THE BLOG
12/12/2014 11:53 pm ET Updated Feb 02, 2016

Spike in Tiny Number of Gay Men on PrEP Abandoning Condoms Hardly Represents 'All' Gay Men

A Dec. 8 blog post in the San Francisco Business Times has sparked another furor over gay men using the HIV drug Truvada to prevent infection with the deadly virus. "San Francisco men shed condoms in favor of Gilead's HIV prevention pill," alleges the title of SFBT reporter Ron Leuty's opinion piece.

Leuty reported on a survey of men in a Kaiser Permanente AIDS-prevention program. More than 500 are taking Truvada once a day as pre-exposure prophylaxis (PrEP). Leuty called the 45-percent increase among men in the study not using condoms "eye-popping" -- which it is. Clearly these men aren't heeding the Centers for Disease Control and Prevention's recommendation to use condoms in addition to taking the drug.

But it's a serious stretch to project the behavior of about 90 men on PrEP in this one study to "all" gay men in San Francisco, let alone anywhere else. Consider this: All 500 men in the study represent only about 0.007861 of San Francisco's roughly 60,000 or so gay and bisexual men.

Unfortunately, there will always be men who push the limits of risk to engage in high-risk sex that is, for them, something of value. Others of us may see it as self-harm, but these guys usually describe it in terms of intimacy and pleasure. Either way, we should be glad these men are making even a partial effort to protect themselves by taking PrEP.

We can argue all we want about whether PrEP provides cover for dangerous behavior. But we aren't addressing the most important questions: Why do some gay men value high-risk sex more highly than they apparently value their own health? Why do some guys seem unable to value themselves apart from their willingness to engage in "anything goes" sex?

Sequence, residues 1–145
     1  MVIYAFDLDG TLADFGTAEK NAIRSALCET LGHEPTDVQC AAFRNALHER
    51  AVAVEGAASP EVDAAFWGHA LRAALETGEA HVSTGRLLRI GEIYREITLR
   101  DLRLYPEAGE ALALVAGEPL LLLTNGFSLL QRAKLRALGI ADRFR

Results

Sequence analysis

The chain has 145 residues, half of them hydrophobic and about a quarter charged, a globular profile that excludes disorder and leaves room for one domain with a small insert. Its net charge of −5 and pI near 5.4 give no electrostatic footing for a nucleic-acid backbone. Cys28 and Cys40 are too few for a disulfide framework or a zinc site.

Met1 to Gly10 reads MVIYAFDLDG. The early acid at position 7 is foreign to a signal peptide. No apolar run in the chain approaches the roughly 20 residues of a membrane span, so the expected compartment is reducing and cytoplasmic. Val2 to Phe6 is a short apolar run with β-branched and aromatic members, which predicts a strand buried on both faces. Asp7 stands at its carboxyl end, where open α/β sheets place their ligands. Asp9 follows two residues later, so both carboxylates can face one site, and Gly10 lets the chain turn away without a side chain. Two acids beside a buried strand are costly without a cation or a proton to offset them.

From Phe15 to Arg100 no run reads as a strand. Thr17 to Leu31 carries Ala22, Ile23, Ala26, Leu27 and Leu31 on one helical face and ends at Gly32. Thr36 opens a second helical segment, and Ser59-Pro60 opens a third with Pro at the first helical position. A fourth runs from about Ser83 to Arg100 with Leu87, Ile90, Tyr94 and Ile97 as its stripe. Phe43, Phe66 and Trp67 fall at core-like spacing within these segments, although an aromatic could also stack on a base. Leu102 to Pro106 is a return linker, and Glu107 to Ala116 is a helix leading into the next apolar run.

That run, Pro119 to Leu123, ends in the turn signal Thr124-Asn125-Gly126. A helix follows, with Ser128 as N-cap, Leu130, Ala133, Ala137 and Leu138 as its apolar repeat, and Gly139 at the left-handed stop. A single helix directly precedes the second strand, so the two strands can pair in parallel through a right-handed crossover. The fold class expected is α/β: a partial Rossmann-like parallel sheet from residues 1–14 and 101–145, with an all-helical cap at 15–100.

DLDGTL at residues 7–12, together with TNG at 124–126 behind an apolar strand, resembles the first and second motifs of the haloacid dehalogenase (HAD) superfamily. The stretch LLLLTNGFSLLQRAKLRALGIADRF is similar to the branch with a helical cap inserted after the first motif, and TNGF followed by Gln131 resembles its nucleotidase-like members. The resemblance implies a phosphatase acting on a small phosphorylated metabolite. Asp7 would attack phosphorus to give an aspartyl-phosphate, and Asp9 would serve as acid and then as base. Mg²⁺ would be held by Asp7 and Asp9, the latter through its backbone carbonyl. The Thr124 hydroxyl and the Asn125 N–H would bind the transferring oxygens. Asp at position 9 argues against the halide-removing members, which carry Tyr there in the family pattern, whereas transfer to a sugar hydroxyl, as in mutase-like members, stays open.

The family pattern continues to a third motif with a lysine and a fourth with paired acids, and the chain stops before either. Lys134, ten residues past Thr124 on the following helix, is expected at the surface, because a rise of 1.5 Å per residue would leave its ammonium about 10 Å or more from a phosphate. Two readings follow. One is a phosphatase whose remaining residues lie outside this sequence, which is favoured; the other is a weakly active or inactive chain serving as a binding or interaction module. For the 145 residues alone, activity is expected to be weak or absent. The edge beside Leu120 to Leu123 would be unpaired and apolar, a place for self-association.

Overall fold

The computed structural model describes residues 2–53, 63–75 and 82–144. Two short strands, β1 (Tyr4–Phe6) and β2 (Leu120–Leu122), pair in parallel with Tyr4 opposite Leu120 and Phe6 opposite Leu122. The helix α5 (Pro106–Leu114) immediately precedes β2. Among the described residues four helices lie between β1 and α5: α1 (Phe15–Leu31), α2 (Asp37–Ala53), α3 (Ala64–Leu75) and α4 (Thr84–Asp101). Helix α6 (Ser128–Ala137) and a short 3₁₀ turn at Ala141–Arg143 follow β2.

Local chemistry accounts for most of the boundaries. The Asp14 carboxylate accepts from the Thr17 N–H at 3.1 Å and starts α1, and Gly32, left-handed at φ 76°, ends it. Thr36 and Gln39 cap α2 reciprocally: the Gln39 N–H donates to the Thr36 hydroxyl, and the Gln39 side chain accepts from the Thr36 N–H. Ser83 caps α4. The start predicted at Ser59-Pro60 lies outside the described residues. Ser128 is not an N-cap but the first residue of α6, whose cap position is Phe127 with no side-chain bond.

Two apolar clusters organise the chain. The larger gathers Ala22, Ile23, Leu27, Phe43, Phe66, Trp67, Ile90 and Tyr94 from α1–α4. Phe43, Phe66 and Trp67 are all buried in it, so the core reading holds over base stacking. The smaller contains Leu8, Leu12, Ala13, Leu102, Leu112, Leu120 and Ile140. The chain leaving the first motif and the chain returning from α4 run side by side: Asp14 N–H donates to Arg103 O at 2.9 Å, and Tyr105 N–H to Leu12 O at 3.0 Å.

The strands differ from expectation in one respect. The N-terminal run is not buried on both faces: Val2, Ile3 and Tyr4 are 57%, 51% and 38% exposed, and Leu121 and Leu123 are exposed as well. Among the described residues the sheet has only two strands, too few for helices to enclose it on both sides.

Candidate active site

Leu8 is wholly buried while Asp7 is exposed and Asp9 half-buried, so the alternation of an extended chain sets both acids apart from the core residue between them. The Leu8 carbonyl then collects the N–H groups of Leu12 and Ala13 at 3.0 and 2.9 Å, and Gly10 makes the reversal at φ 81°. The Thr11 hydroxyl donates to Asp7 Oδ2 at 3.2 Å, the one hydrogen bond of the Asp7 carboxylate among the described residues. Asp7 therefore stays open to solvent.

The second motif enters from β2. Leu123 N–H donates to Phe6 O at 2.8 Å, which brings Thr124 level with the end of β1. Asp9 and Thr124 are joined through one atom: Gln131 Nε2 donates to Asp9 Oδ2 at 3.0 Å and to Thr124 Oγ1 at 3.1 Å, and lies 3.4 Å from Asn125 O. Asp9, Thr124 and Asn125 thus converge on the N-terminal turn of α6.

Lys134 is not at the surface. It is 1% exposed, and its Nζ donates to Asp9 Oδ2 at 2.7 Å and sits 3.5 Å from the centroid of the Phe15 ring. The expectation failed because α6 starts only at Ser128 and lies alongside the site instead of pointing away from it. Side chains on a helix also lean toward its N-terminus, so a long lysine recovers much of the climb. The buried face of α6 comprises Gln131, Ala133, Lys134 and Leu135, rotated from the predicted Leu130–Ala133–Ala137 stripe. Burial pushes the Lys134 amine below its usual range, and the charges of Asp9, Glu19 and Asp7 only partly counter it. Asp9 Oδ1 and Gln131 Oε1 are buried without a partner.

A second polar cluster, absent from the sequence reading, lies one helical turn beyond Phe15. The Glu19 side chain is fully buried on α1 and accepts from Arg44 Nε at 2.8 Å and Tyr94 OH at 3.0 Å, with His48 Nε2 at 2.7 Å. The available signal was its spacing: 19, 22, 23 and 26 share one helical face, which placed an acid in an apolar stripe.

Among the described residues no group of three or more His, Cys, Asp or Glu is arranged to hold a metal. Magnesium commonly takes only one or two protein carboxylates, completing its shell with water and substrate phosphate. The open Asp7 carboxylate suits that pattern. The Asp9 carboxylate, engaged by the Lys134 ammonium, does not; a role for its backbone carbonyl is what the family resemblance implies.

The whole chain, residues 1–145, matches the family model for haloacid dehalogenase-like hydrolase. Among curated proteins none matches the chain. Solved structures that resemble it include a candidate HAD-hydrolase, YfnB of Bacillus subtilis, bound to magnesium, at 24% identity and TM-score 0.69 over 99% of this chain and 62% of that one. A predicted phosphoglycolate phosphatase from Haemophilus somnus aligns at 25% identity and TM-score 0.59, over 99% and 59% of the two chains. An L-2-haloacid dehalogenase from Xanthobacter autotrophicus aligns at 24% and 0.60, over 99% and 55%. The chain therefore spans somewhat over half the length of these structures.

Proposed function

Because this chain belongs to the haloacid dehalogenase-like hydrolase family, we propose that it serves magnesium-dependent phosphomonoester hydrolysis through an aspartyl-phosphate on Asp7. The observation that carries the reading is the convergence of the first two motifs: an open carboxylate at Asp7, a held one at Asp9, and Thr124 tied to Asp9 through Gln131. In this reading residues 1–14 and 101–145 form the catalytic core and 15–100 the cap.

At risk of getting stuck trying to understand what even mental-health experts would likely classify as aberrant behavior, I would suggest we step back to get a more accurate picture of how the vast majority of gay men conduct their sex lives. Reframe the statistics that can be blown out of proportion to make it look like "all" gay men have stopped using condoms, or even like "all" gay men engage in anal intercourse, which they don't.

Ron Stall, Director of the LGBT Research Center at the University of Pittsburgh, has identified four interconnected "epidemics" of psychosocial health conditions that disproportionately afflict gay and bisexual men, each one making the other worse: childhood sexual abuse, partner violence, depression, and drug use. Together, their insidious effects are referred to as syndemics. Men who are most strongly affected by any one of these tend to be at high risk for HIV and substance abuse. Those from lower-income or culturally marginalized ethnic groups are especially vulnerable to syndemic effects.

In one study, Stall and his colleagues found that 11 percent of 812 men who reported one problem -- depression, for instance -- had engaged in high-risk sex. Of 129 men who reported three or four problems, 23 percent said they had had high-risk sex.